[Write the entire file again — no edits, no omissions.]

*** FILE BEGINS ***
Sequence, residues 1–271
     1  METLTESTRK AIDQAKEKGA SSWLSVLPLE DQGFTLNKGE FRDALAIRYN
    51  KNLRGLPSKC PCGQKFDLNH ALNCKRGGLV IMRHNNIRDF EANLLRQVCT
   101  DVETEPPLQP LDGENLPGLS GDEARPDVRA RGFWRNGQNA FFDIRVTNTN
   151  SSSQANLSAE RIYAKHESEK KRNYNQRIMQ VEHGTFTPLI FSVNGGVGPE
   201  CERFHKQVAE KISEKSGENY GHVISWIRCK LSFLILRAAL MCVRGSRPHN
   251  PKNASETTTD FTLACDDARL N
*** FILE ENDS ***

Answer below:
Sequence, residues 1–271
     1  METLTESTRK AIDQAKEKGA SSWLSVLPLE DQGFTLNKGE FRDALAIRYN
    51  KNLRGLPSKC PCGQKFDLNH ALNCKRGGLV IMRHNNIRDF EANLLRQVCT
   101  DVETEPPLQP LDGENLPGLS GDEARPDVRA RGFWRNGQNA FFDIRVTNTN
   151  SSSQANLSAE RIYAKHESEK KRNYNQRIMQ VEHGTFTPLI FSVNGGVGPE
   201  CERFHKQVAE KISEKSGENY GHVISWIRCK LSFLILRAAL MCVRGSRPHN
   251  PKNASETTTD FTLACDDARL N